You'd need to do some port-forwarding in each router (UDP 5060 + the RTP ports) and 'dial' the other site by IP address - it's not hard on the GXV phones and it saves setting up proxys/sip servers/asterisk, etc. If you set each phone to auto-answer then it's not hard to re-establish the link if it fails for whatever reason.
Failing that, if you want to be PC/Laptop based - look for Ekiga...
I use a combination of GXV3000 video phones, Ekiga and my Nokia N900 to make/take video calls from my family and in-laws, although I use an Asterisk server to co-ordinate everything and we don't stream 24/7!
Example of a bit of email they sent me:
Once again I am very sorry that you feel that I haven't been of service to you and that you feel really angry, upset and disappointed.
What I sent them: You haven't been of service to me and now I'm really angry, upset and dissapointed.
In response to their: Thank you for allowing us to be of service to you.
BTcare - what a joke.
A quick google finds this 50 million texts an hour sent in the UK:
The real contention starts when BT wholesale pass feed it into the retail ISPs - such as BT retail who have a grossly overloaded network.
But you get what you pay for. I pay for a business service and get 8Mb in and 800Kb out 24/7.
BT are many companies - BT retail - the ISP in this case is just one of over 100 ISPs who use the BT Wholesale network.
The BT wholesale network is actually relatively good - it's when BTW hand the data over to the retail ISP that things go wrong. BT retail in this case are a very large ISP, therefore have a lot of clout. They also have a grossly overloaded network.
So just pick another ISP that uses the BT wholesale network and you'll get an almost instantly better service.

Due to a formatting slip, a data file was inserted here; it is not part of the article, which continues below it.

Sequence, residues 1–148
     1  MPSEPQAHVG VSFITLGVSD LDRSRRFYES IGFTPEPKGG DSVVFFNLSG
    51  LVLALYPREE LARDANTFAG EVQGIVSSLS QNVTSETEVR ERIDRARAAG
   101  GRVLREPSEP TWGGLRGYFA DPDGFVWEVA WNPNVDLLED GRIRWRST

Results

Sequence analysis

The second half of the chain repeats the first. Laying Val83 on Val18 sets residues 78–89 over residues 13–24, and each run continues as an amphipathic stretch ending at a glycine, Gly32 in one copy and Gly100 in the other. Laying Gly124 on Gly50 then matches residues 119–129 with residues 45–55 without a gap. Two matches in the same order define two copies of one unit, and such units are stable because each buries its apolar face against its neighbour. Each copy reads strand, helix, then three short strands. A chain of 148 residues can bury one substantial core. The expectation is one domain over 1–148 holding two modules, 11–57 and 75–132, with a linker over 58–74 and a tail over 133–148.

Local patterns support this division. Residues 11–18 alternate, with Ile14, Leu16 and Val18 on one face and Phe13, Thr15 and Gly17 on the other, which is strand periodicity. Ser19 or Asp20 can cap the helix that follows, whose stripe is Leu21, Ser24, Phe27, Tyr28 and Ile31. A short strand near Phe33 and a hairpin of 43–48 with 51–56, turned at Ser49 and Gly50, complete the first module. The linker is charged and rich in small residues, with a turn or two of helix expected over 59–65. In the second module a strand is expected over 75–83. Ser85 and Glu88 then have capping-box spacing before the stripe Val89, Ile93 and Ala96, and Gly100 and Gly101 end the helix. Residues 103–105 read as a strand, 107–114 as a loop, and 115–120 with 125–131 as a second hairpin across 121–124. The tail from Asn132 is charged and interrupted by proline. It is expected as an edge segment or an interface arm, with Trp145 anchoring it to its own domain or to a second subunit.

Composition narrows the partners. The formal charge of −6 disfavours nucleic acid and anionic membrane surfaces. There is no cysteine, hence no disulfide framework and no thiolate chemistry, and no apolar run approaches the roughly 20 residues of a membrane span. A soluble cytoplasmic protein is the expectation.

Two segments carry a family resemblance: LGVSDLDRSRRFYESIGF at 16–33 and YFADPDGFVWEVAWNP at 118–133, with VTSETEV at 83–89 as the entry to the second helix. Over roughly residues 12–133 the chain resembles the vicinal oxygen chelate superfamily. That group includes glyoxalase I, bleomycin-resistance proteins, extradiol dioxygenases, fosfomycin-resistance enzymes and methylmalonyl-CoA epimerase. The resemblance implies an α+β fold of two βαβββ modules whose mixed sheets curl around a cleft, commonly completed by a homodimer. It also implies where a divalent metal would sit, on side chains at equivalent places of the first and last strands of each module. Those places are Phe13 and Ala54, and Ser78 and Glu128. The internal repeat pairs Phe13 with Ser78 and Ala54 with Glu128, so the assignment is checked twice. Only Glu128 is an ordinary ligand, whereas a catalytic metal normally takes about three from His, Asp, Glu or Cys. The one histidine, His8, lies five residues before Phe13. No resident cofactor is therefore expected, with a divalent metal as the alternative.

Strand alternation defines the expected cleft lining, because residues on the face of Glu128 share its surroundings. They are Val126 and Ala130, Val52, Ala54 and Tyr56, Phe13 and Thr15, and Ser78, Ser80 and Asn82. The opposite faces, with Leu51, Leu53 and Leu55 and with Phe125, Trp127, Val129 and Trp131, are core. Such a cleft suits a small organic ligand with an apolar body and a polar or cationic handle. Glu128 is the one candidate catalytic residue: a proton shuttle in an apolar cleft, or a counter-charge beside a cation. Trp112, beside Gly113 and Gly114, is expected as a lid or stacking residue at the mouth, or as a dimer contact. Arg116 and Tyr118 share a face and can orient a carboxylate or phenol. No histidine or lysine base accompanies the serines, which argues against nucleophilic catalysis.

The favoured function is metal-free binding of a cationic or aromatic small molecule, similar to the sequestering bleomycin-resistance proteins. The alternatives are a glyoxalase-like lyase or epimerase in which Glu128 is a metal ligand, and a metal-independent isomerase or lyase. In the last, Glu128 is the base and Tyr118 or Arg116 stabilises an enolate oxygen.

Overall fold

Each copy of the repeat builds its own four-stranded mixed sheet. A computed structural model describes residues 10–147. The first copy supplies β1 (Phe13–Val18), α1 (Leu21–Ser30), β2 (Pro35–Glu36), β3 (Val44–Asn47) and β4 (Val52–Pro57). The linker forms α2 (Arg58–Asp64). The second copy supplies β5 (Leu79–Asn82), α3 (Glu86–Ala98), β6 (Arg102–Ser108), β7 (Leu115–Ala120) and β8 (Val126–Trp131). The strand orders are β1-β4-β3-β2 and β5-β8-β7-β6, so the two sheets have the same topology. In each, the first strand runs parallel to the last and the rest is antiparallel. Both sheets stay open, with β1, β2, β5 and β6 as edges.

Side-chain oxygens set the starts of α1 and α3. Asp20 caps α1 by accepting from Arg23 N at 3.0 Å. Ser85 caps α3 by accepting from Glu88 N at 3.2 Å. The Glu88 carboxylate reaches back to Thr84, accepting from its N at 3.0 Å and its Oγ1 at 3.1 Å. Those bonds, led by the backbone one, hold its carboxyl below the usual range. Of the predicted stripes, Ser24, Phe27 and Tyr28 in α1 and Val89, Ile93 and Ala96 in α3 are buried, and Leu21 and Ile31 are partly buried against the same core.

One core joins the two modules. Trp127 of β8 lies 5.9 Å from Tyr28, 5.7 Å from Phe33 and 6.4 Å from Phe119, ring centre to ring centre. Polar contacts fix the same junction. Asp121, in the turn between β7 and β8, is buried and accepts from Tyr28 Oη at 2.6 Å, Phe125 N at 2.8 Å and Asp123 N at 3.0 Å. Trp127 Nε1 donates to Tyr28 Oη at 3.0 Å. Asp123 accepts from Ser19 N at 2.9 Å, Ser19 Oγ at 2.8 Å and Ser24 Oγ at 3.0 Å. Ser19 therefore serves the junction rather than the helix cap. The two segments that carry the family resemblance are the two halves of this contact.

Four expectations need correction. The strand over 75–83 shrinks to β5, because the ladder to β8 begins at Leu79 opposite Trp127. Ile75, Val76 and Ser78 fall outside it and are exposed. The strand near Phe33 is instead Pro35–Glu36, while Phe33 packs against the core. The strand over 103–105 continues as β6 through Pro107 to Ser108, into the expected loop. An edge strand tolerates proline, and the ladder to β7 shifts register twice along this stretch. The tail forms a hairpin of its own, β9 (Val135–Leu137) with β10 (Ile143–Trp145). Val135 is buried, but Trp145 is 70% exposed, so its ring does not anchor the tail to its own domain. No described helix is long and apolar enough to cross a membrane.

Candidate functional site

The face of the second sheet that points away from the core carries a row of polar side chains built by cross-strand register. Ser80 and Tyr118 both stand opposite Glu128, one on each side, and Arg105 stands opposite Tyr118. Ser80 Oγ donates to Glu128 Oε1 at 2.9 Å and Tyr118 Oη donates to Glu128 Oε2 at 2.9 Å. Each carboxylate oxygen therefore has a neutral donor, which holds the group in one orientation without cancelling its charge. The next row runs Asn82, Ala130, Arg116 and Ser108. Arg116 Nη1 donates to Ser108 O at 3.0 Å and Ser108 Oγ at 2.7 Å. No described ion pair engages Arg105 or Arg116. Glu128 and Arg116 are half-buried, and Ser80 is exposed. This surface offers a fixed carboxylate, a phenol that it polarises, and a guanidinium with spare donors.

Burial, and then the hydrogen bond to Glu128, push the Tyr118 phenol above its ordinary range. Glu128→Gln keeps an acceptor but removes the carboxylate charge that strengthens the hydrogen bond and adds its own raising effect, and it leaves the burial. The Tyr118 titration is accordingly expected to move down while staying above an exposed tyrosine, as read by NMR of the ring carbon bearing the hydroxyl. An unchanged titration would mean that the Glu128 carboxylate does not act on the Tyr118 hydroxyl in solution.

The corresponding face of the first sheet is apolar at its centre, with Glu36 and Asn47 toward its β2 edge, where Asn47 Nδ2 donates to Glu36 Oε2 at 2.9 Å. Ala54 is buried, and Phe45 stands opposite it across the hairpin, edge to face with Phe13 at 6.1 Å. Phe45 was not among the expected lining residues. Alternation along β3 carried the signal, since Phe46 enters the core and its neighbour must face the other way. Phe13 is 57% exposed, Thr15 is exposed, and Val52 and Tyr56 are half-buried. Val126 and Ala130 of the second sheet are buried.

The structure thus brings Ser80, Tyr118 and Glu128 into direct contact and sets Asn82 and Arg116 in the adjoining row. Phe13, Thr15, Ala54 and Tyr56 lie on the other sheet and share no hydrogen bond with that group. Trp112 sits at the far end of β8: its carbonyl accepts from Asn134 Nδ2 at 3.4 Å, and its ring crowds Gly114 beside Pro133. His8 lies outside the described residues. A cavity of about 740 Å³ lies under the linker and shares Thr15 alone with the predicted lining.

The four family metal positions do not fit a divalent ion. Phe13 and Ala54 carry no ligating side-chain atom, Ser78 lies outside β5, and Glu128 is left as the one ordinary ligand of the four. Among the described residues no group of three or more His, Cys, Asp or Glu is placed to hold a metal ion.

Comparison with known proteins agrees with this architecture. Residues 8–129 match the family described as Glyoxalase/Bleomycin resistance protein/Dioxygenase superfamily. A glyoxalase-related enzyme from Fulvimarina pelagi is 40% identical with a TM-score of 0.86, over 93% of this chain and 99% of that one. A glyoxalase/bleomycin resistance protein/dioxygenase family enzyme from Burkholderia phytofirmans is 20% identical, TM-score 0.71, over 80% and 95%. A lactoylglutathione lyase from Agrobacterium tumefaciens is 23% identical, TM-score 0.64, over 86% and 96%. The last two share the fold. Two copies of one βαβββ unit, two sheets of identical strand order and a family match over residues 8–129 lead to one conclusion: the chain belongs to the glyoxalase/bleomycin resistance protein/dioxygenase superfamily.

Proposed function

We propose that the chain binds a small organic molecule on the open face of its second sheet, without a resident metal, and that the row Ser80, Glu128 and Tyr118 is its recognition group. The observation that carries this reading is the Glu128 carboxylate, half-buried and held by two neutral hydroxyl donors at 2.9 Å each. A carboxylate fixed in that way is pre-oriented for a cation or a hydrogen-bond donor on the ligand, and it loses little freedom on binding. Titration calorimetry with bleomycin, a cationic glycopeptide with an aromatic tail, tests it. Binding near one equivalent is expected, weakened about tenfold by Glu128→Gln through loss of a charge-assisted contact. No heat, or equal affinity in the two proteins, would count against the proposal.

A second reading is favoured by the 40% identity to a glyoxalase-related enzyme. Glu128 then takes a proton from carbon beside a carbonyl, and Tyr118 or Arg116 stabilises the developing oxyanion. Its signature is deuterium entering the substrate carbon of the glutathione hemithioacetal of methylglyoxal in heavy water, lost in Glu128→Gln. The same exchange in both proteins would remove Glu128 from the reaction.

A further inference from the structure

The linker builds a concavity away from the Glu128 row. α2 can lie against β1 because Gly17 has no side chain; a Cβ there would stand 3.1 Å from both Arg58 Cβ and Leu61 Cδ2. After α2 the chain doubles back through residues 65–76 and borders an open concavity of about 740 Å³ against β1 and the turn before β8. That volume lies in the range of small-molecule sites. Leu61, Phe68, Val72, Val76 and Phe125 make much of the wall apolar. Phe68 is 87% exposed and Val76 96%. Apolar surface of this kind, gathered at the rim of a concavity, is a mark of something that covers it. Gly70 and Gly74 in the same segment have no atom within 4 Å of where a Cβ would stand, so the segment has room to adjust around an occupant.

In my case, I'm using software and configurations I first used in the early 90's - the underlying hardware has changed, buy my desktop still looks the same, email client is the same and so on... Sure, updated versions of them as the years have gone on, but it's essentially the same computer as far as I'm concerned.
Just like my great grandfathers axe - passed down the generations - over the years it's had a new shaft and head, but it's still my great grandfathers old axe...
I prefer imperial units. I know metric units are more simple and logical, but... "A pint's a pound the world around."
Pints are 20 oz where I am. Pounds are 16. Remind me to never order a pint of beer in your country.
I currently use the on-board "BIOS" to PXE boot them first time round which I then use to write the image to the compact-flash card, so keeping that around is handy.
However, I can live with the boot time of my units - little Linux/Asterisk boxes. They boot fast enough for this purpose, ta!
I build little embedded(ish) systems myself - AMD Geode boxards (ALIX) and my custom compiled kernel boots in 1.08 seconds (according to kernel output) If I didn't compile in networking and USB, I'm sure it would be under a second.
The biggest time is the boards BIOS (5 seconds), then loading the image off flash then the kernel uncompressed and boots - 1.08 seconds.
If I had more access to the board and had 4MB of flash ram as part of the memory map, then I could eliminate the long BIOS + Load times and jump into kernel on cycle 0. That's where the trick is, I guess - a fast load of the kernel into RAM, or keep it in FLASH that's part of the memory map.
After the kernel is loaded it's just userspace - I run a cut-down system, but it still takes another 15-20 seconds or so to get time, dns, networking, apache, etc. going. You're probably not doing that with an in-car device or a camera, etc.
So it's not really hard to make a kernel boot fast and possibly even launch one application - the big savings are going to be on the hardware when you can eliminate BIOS and load times, and the amount of userland you then have to load - which is the real difference between "embedded" and general purpose (e.g. desktop)
I have a copy of the original "red book" with hand-written notes on shape tables, etc. I also had a plethora of other sources of information - the Wozpack, Disk Doctor, early copies of call-apple and coutless others which were hard to come-by in the UK at the time.
Kids of today, get off my lawn, etc.
So what we have now are "appliances" and lawyers.
And as they say; If you can't open it, you don't own it.
"Mr. Watson, come here, I want you." -- Alexander Graham Bell